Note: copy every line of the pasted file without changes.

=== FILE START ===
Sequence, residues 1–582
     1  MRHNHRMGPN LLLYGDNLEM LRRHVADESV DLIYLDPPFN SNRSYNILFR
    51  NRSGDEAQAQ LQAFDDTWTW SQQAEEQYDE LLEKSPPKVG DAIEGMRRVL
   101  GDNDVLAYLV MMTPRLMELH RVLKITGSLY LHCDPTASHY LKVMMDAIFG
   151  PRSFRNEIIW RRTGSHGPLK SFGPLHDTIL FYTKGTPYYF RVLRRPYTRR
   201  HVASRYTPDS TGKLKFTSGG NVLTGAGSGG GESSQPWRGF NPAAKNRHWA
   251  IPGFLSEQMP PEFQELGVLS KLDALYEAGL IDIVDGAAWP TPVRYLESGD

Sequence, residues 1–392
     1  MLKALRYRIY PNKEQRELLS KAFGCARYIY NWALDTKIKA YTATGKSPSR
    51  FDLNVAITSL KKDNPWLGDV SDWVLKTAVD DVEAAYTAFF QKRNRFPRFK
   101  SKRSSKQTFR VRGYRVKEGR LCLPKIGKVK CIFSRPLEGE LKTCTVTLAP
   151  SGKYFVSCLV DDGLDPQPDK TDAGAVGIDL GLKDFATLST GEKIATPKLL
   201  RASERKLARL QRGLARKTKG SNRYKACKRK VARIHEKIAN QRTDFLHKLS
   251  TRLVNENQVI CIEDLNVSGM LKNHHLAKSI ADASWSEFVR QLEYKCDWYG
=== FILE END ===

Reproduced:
Sequence, residues 1–582
     1  MRHNHRMGPN LLLYGDNLEM LRRHVADESV DLIYLDPPFN SNRSYNILFR
    51  NRSGDEAQAQ LQAFDDTWTW SQQAEEQYDE LLEKSPPKVG DAIEGMRRVL
   101  GDNDVLAYLV MMTPRLMELH RVLKITGSLY LHCDPTASHY LKVMMDAIFG
   151  PRSFRNEIIW RRTGSHGPLK SFGPLHDTIL FYTKGTPYYF RVLRRPYTRR
   201  HVASRYTPDS TGKLKFTSGG NVLTGAGSGG GESSQPWRGF NPAAKNRHWA
   251  IPGFLSEQMP PEFQELGVLS KLDALYEAGL IDIVDGAAWP TPVRYLESGD

Sequence, residues 1–392
     1  MLKALRYRIY PNKEQRELLS KAFGCARYIY NWALDTKIKA YTATGKSPSR
    51  FDLNVAITSL KKDNPWLGDV SDWVLKTAVD DVEAAYTAFF QKRNRFPRFK
   101  SKRSSKQTFR VRGYRVKEGR LCLPKIGKVK CIFSRPLEGE LKTCTVTLAP
   151  SGKYFVSCLV DDGLDPQPDK TDAGAVGIDL GLKDFATLST GEKIATPKLL
   201  RASERKLARL QRGLARKTKG SNRYKACKRK VARIHEKIAN QRTDFLHKLS
   251  TRLVNENQVI CIEDLNVSGM LKNHHLAKSI ADASWSEFVR QLEYKCDWYG